Ever since Tom Izzo started recruiting Kalin Lucas, only one player comes to his mind: Chris Paul, current point guard of the New Orleans Hornets and former Wake Forest star.
"Ever since I started recruiting Kalin, that's who I thought he played like," said Izzo. "But he's got a ways to go to fill those shoes but he's that type of player, that can get it from one end to the other, and who can do some stuff shooting the ball."
"He's a Chris Paul-like poor man right now but if he gets to be a real man then he'll be a heck of a player," added Izzo. "Chris Paul was quicker than quick and pretty tough and I really liked the kid and Kalin is a good kid."
With 17 games under his belt in his freshman season, the 6-foot point guard from Orchard Lake St. Mary's has come into his own with MSU.
Joining three other incoming freshmen to the program in the summer, Lucas says he has changed since day one at MSU.
"At first it was a little intense just trying to compete," said Lucas. "But now we are getting more comfortable on the floor and coach has more confidence in us."
"I have to give credit to the upperclassmen, as soon as I got here, they were talking to me telling me things I need to do and things I need to work on," said Lucas. "I think the first thing that they told us was our defense, that coach was going to preach defense to us, that he was going to get after our man-to-man defense."
As the season has progressed, so has Lucas' play, getting better with each and every game, even developing a pretty solid jump shot.
"I think it was me getting as many shots up as possible, in high school I was just more going to the hole," said Lucas. "I think I'm getting more comfortable, the coaches and the players are getting more comfortable with me as well."
Although he can't point to one single breakout game, it could be the Dec. 22 showdown with No. 4 Texas, as Lucas' career-high 18 points and defense on the D.J. Augustin propelled the No.9 Spartans over the previously undefeated Longhorns.
From that point, Kalin had new found respect from the Spartan fans and everyone at MSU, seeing just the kind of player Lucas can be. He responded with 17 points against Wisconsin Green-Bay after the Texas game.
"I think he's got a chance to be a special player here," said Coach Tom Izzo. "He's getting better everyday; he's starting to understand the offense more and more. He's not even shooting it as well as he has been shooting it, he can get around just about anybody."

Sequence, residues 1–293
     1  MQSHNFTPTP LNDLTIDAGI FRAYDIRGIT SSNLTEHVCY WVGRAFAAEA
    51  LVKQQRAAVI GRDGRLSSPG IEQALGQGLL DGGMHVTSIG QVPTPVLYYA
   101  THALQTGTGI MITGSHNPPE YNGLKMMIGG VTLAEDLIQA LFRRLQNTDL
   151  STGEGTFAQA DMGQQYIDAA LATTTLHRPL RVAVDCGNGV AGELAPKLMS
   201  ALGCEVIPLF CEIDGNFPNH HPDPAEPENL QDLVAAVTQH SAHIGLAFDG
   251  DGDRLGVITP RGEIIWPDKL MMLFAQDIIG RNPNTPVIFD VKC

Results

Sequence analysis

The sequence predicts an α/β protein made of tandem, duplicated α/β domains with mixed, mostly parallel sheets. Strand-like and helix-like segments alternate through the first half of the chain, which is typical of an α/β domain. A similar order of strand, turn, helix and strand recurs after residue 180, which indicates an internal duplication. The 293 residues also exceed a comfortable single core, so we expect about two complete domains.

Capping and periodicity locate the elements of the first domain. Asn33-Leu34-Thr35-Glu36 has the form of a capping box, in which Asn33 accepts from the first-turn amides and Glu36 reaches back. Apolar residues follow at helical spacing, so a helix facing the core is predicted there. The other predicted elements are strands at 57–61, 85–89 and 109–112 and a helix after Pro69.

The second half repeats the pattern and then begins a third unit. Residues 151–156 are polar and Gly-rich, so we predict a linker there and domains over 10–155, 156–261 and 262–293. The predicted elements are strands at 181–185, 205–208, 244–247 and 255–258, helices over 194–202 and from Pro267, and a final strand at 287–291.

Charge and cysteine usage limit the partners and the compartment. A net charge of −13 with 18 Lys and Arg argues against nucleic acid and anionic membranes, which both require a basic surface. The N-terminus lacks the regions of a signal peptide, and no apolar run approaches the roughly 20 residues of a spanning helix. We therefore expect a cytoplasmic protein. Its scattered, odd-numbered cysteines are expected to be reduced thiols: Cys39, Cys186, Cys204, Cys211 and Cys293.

With such high praise for his freshman point guard, does Izzo believe that Lucas' progression is right on track?
"He's ahead of where I thought he'd be in some ways," said Izzo. "What Kalin is that I didn't know is that he is a better shooter than I thought he was and he is tougher than I thought he was. He can take stuff from me, stuff from the players, he can take physical stuff and mental stuff."
As Lucas grows and gets better, it can only help the other MSU guards, Drew Neitzel and Travis Walton.
"For being a freshman especially being a point guard in this program he's doing a great job of understanding things," said Neitzel. "He's looking for his shot as well as distributing the ball, he's definitely one of the quickest guys I have ever seen, from one end to the other, he's got a lot of talent."
After being on the court for virtually entire games last season due to a lack of depth at guard, Neitzel now can get a breather on the bench while Lucas runs the point. Many times this season, Izzo has even chosen to play a three-guard lineup, having Lucas join Walton and Neitzel out on the court.
Lucas improved shooting and offensive production has even made him a possible go-to guy late in the game.
"I think he's going to be that guy that we can go to late in the game, we can get him to penetrate and kick to somebody and he has to still make those good decisions and I don't mind the ball in his hands at all," said Izzo.
With his ability to drive the lane, Izzo has also mentioned using Lucas' speed late in the shot-clock at any time in a game.
With such pressure though, Izzo has shown that if he needed a player to make a shot, he would isolate leading scorer Raymar Morgan, as he tried to do late against Purdue, or his All-American Drew Neitzel.
"It's tough to put that kind of pressure on a freshman to put the ball in his hands and let him make a play, "said Neitzel. "Coach understands that he still relies on the upperclassmen and the experienced guys late in the game."
But Lucas expects the ball to be in his hands throughout the game, since he is the point guard, and he knows what to do with the ball at any given situation.
"It's just me trying to get more confident, confidence in myself," said Lucas. "I think coach has a lot of trust in me, I will be having the ball about 90 percent of the time, so for me having the ball in my hands, I just have to be smart."
"In those situations you just have to be smart, don't try to force anything or rush anything, just look for the open man or just look to attack, and try to take what the defense gives you," added Lucas.
It's just me trying to get more confident, confidence in myself; I think coach has a lot of trust in me, I will be having the ball about 90 percent of the time, so for me having the ball in my hands, I just have to be smart.
Lucas is averaging 9.4 points per game but 13.5 points per game since his career-high performance against Texas. He has also dished 71 assists this season and 4.1 per game on the season.
While Lucas appears to be coming into his own in his freshman year, Izzo and Neitzel both believe he still has a ways to go.
But only being a freshman helps Lucas a lot, as he has the rest of this season and three more years at MSU to develop into one of the best point guards in the country, although he already might be one of the quickest ones.
Lucas Showing Glimpses of Greatness
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